World War II was conceived and fought as a characteristic Western war in which classical traditions of free markets, private property, unfettered natural inquiry, personal freedom, and a secular tradition had for centuries often translated to greater military dynamism in Europe than elsewhere. If the conflict’s unique savagery and destructiveness can only be appreciated through the lenses of 20th-century ideology, technology, and industry, its origins and end still followed larger contours of conflict as they developed over 2,500 years of civilized history. The Western military’s essence had remained unchanged but it was now delivered at an unprecedented volume and velocity, and posed a specter of death on a massive scale. The internecine war was largely fought with weaponry and technology that were birthed in the West, although also used by Westernized powers in Asia. The atomic bombs, napalm, guided missiles, and multi-engine bombers of World War II confirmed a general truth that for over two millennia the war-making of Europe and its appendages had proven brutal against the non-West, but when its savage protocols and technology were turned upon itself, the corpses mounted in an unfathomable fashion.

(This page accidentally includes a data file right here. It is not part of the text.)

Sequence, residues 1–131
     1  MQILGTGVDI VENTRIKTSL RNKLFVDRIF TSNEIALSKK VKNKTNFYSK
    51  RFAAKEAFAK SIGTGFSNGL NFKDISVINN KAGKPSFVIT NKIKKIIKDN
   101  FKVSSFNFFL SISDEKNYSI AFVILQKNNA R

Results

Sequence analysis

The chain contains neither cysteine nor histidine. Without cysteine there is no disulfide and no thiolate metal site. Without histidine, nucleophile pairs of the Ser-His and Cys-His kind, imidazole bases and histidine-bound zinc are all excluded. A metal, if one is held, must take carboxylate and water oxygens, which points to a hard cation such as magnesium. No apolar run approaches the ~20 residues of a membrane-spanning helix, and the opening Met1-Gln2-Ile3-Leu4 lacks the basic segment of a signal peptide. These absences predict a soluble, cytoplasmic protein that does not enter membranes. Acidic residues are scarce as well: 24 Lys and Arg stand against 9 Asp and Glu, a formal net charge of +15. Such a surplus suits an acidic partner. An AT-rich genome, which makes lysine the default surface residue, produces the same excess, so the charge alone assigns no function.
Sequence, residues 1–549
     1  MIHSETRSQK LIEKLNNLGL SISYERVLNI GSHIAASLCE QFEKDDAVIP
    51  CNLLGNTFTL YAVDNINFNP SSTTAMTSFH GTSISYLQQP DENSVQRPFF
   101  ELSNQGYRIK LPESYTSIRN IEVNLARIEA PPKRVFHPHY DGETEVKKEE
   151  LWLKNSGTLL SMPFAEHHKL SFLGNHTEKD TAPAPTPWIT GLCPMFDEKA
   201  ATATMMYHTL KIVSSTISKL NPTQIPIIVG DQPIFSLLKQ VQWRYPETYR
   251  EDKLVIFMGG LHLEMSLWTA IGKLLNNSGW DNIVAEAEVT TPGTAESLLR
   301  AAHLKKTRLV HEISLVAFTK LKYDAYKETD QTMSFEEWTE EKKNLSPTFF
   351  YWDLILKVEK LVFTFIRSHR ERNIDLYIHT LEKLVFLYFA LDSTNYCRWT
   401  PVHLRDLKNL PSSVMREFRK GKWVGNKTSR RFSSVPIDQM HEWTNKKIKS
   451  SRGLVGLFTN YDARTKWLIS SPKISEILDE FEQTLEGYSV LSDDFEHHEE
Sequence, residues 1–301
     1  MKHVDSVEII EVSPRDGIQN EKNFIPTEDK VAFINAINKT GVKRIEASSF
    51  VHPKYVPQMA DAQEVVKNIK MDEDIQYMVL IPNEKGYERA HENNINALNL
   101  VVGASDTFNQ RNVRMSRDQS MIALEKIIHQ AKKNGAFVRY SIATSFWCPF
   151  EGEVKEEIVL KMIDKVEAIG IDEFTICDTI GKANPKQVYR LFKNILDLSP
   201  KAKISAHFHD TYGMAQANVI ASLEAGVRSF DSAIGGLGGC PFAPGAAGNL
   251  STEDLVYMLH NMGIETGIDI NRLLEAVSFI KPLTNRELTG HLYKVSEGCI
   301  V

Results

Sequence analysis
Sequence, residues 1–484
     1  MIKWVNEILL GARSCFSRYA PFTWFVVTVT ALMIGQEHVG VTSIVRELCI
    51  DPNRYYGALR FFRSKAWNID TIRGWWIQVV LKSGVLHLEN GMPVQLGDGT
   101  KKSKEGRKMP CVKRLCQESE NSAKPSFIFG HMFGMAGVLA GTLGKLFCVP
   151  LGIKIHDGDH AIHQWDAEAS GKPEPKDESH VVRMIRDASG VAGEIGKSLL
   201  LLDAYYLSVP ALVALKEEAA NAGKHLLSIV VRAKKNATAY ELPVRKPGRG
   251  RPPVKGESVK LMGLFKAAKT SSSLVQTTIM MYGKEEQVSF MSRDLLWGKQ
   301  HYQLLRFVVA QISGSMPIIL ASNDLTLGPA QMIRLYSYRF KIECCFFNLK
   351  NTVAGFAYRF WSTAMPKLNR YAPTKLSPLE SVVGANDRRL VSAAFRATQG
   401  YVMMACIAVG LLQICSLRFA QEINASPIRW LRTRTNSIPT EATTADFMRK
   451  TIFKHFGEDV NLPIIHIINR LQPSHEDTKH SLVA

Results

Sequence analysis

Excerpts from The Second World Wars:

A Classical War of Modern Violence

The Axis Was Outmatched from the Start

The Deadly Cost of Mutual Misunderstanding

An Avoidable Great War

NRO contributor Victor Davis Hanson is the Martin and Illie Anderson Senior Fellow at the Hoover Institution and the author, most recently, of The Case for Trump.